Salon I by Otto Dix | my daily art display
Today I am looking at a painting by an artist whose work has frequently shocked the public. His art often focused on the First World War and the aftermath of it on the people of Germany. It was not his intention to shock people with what was depicted in his paintings. It was simply his intention to tell the truth through his art and ensure that people would not ever forget the price citizens had to pay when their governments took them to war. Of his controversial paintings, he said:
“I’m not that obsessed with making representations of ugliness. Everything I’ve seen is beautiful.”
“I did not paint war pictures in order to prevent war. I would never have been so arrogant. I painted them to exorcise the experience of war.”
“People were already beginning to forget, what horrible suffering the war had brought them. I did not want to cause fear and panic, but to let people know how dreadful war is and so to stimulate people’s powers of resistance.”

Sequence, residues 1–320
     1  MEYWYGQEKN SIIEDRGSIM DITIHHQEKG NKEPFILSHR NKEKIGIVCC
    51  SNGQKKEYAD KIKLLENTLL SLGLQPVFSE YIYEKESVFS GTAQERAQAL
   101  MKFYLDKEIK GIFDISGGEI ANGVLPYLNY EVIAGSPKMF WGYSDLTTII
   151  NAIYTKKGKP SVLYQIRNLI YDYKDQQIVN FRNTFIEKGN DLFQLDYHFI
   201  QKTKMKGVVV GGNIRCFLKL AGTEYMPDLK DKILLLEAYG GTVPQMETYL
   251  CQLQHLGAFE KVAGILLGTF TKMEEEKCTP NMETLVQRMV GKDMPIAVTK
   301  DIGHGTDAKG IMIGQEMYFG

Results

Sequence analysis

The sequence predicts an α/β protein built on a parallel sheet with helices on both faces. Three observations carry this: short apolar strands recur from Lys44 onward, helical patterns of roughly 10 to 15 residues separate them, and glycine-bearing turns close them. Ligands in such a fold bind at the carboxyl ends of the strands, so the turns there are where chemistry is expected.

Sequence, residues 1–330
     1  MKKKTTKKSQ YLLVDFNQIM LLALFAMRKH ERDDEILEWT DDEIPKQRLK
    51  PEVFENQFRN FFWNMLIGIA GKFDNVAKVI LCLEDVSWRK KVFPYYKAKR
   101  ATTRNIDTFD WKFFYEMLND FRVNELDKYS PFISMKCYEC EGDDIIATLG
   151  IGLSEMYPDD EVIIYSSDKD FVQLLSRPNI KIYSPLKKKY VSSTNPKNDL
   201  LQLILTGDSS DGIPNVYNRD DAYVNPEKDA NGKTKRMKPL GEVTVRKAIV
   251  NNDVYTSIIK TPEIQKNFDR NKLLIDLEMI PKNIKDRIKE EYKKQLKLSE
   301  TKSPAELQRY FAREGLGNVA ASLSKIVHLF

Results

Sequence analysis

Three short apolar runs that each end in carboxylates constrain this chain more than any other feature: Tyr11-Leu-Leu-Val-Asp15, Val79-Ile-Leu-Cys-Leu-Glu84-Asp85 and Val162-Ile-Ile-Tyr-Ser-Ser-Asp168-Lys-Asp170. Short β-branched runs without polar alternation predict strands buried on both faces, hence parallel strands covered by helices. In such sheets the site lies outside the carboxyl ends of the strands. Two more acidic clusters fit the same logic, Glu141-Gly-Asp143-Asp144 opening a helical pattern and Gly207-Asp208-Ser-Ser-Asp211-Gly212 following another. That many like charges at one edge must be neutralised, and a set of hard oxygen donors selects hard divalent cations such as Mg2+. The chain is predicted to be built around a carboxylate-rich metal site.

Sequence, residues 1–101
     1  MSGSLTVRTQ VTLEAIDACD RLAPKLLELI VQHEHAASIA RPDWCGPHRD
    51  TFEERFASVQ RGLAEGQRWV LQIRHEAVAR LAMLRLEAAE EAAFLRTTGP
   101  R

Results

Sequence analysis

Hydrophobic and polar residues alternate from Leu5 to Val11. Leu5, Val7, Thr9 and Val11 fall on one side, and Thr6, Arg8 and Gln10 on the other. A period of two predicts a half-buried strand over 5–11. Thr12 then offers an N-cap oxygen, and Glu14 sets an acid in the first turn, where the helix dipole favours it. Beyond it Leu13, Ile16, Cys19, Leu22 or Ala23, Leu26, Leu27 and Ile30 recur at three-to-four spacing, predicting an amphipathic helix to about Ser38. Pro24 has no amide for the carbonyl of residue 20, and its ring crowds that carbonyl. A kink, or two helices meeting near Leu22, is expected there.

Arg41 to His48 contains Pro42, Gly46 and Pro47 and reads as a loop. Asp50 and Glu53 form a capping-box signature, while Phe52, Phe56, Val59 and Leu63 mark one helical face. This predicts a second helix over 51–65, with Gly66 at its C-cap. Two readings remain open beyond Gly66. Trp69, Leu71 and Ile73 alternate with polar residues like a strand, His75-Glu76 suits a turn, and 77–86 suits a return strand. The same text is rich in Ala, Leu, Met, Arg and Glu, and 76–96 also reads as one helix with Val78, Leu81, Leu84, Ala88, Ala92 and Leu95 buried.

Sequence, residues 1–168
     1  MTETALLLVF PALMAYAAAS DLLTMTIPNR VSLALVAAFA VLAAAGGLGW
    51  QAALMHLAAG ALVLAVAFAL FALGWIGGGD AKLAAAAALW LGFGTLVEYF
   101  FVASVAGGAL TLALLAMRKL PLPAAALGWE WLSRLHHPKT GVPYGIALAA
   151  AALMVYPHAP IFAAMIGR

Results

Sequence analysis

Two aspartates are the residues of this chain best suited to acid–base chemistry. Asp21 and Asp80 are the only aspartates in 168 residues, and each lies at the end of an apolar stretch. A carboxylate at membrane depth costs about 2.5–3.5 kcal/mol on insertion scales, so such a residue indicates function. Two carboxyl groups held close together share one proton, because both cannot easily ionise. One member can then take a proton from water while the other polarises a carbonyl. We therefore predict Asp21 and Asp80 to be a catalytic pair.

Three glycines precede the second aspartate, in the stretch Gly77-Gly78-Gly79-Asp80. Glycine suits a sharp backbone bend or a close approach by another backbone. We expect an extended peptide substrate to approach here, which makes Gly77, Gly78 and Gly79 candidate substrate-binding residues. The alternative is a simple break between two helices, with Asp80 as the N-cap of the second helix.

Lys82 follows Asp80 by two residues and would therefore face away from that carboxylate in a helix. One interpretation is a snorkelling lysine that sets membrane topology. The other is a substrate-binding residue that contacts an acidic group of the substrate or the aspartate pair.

World War I broke out in 1914 and Otto Dix enthusiastically enrolled in the German army. His first assignment, as a non-commissioned officer, was to join up with a field artillery regiment in Dresden. In the autumn of 1915 he was assigned as a non-commissioned officer of a machine-gun unit in the Western front and took part of the Battle of the Somme. He was seriously wounded on a number of occasions. In 1917, his unit was transferred to the Eastern front where he remained until the end of hostilities with Russia. He then returned with his regiment to the western front and took part in the German Spring offensive. He earned the Iron Cross second class for valour and reached the rank of vice-sergeant-major. By the end of the conflict, he had been wounded on five separate occasions. Dix was horrified and very much affected by the horrific sights he had witnessed during the four years of the war and these visions caused him to have many persisting nightmares well after the end of hostilities.